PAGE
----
21L.021 | Spring 2022 | Undergraduate



Course Meeting Times

Lectures: 2 sessions / week; 1.5 hrs / session


There are no prerequisites for this course.

Course Description

Comedy, that most elastic literary and performance mode, skewers artifice, topples authority, and reverses expectations, not with the fatal outcomes of tragedy but with laughter and festivity. This class examines both deep roots and current forms of comedy, with a particular focus on comic insubordination. And food.

We will revel in Greek, Roman, and Shakespearean drama; explore Aphra Behn’s eighteenth-century feminist rakes and sexual adventurers in The Rover; investigate social satire in Jane Austen, Herman Melville, and Oscar Wilde; peek under the covers of small-town family life in Alison Bechdel’s Fun Home; and probe the uneasy relationship between farce and romantic love, violence and redemptive humor, satire and festivity in comic art. Discussion will draw on examples of popular and contemporary forms, including film  and sketch comedy.

As in other communications-intensive classes, students produce 5,000 words of polished writing in various assignments, with a required revision. They also have substantial opportunities for oral expression, through student-led discussion and in-class reports. The class has a low enrollment that ensures maximum attention to student writing and oral expression, with the help of a writing advisor.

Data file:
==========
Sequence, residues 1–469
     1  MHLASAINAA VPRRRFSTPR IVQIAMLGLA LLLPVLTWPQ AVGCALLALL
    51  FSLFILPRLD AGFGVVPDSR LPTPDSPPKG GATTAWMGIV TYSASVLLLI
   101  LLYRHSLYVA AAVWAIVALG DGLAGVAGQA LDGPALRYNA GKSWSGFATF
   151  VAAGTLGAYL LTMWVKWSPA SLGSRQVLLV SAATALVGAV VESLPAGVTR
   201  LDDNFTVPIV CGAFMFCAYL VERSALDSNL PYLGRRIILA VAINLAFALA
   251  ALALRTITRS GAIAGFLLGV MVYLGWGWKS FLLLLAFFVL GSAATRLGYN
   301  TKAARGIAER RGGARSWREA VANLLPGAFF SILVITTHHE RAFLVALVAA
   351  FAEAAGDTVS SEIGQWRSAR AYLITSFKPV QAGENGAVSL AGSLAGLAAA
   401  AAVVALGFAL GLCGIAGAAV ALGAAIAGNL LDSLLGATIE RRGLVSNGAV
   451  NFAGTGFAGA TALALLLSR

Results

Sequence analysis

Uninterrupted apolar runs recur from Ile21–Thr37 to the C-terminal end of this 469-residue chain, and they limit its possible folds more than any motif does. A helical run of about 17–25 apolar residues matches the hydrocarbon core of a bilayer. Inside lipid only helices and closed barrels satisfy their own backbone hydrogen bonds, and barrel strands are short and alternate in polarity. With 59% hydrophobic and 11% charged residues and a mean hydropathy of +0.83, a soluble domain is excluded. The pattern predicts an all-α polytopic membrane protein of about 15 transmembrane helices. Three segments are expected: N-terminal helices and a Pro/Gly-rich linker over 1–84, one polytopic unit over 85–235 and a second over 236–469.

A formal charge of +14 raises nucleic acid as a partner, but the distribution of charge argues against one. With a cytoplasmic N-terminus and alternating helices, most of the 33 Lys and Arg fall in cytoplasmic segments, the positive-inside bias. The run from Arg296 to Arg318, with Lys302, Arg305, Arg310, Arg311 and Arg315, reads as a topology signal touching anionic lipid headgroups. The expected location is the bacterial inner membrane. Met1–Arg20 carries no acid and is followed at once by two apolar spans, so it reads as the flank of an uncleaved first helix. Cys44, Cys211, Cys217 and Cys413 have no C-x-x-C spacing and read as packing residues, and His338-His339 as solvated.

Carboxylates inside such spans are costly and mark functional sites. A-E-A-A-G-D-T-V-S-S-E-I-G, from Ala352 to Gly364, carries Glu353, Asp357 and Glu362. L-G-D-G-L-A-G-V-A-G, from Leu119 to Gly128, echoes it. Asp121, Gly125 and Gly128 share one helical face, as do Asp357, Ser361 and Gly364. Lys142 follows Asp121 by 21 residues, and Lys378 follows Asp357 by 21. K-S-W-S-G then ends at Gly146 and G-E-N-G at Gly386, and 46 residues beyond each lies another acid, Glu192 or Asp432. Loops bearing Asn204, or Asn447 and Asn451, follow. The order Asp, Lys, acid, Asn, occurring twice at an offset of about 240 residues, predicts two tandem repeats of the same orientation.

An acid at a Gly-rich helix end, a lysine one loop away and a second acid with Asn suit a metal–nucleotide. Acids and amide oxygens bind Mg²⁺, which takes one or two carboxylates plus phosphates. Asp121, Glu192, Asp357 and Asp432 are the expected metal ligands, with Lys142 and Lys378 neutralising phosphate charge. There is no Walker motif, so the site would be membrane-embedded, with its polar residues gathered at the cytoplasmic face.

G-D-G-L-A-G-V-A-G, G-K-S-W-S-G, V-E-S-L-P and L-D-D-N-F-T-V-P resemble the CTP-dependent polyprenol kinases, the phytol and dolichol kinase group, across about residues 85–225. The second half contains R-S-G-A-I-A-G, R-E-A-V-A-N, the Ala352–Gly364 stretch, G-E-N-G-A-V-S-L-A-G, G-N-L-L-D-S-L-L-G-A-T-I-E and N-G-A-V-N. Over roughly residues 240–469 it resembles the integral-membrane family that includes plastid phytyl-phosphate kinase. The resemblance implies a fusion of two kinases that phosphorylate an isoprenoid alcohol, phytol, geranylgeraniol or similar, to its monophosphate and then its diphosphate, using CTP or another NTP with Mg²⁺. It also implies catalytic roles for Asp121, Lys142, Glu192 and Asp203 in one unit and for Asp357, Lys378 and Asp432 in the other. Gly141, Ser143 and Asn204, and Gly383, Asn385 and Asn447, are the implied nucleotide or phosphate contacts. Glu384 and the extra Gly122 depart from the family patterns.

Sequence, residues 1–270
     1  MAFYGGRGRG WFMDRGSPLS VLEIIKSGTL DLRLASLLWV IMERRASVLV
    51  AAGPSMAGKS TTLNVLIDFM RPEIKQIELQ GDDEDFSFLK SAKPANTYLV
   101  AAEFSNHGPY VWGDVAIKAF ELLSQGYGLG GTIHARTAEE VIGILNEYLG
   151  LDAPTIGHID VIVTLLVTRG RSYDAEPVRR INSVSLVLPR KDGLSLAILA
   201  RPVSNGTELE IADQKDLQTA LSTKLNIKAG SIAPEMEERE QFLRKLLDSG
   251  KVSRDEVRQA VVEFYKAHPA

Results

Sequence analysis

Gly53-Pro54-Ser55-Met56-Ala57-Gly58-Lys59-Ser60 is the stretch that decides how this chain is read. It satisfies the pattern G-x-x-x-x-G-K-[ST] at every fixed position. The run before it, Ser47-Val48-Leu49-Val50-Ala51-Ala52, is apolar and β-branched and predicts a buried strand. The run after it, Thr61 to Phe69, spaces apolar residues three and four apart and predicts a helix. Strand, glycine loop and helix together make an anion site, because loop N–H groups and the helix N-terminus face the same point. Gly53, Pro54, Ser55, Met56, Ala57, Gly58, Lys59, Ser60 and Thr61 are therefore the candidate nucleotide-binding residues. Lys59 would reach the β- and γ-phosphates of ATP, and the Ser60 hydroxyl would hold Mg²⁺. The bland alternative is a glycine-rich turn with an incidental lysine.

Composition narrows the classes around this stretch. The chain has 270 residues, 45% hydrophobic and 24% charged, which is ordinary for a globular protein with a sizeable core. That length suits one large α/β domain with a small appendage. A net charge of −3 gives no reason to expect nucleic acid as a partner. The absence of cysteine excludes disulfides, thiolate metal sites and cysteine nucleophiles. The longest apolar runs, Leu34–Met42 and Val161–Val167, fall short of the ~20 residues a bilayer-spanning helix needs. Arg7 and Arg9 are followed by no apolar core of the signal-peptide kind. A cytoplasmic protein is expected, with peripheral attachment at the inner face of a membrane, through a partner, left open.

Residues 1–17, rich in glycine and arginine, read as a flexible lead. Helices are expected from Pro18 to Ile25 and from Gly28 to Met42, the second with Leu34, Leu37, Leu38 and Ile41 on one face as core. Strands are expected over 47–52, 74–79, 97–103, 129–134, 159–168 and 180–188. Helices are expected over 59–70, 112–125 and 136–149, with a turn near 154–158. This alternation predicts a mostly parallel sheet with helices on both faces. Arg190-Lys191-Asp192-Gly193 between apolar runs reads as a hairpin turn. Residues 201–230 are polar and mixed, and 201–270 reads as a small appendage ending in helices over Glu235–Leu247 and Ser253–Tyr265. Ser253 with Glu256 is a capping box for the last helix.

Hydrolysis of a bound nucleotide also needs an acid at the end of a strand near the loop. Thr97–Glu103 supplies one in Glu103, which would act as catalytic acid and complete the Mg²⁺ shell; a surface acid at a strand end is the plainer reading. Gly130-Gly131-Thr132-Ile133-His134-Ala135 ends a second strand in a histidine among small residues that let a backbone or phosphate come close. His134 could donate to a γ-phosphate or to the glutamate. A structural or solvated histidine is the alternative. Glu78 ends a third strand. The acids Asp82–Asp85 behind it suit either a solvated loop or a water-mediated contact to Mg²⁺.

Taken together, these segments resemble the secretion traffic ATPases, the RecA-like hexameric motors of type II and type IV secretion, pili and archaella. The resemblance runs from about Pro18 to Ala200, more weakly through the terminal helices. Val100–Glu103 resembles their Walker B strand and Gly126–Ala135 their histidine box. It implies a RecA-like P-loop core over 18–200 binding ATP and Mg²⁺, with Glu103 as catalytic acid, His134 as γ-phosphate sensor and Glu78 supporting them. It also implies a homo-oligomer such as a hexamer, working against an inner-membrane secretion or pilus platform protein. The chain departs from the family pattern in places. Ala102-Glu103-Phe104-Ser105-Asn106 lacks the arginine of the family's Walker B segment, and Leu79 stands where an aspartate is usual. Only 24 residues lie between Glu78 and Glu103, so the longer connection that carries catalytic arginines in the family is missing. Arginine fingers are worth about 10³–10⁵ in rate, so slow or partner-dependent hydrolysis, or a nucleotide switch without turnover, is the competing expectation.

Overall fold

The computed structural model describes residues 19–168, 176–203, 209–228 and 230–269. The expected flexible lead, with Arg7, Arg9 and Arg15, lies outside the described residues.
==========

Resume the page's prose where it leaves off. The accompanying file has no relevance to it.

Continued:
N.B. Taking this class will improve your writing and communications skills. By developing practices of reading, reflecting, and discussing texts, it will also help you become a happier and more successful writer. My pedagogy embraces both aims, as well as the varied experiences participants bring to class.

Required Texts

Print preferred, Kindle or Ebook acceptable, so long as laptops and cellphones can be used responsibly in class, i.e. for note-taking, close reading, peer review of essay drafts, sharing materials and links.

Aristophanes. Four Plays by Aristophanes: The Clouds / the Birds / Lysistrata / the Frogs. London: Plume, 1994. ISBN: 9780452007178.

Plautus. “The Two Menaechmuses” in Plautus. Cambridge, MA: Loeb Classical Library. ISBN: 9780674996786.

Shakespeare, William. Four Comedies: The Taming of the Shrew ; A Midsummer Night’s Dream ; as You like It ; Twelfth Night. Penguin Publishing Group, 1995. ISBN: 9780140434545.

  • Free, online versions of Shakespeare’s works are available through MIT.

Behn, Aphra. The Rover and Other Plays. Oxford: Oxford Univ. Press, 2008. ISBN: 9780199540204.

Austen, Jane. Pride and Prejudice. Edited by James Kinsley and Christina Lupton. New York, NY: Oxford University Press, 2019. ISBN: 9780198826736.

Melville, Herman. Moby-Dick. Herman Melville Electronic Library, 2008.

Wilde, Oscar. The Importance of Being Earnest and Other Plays. Edited by Peter Raby. Oxford England: Oxford University Press, 2008. ISBN: 9780199535972.

Bechdel, Alison. Fun Home: A Family Tragicomic. Mariner Books, 2007. ISBN: 9780544709041.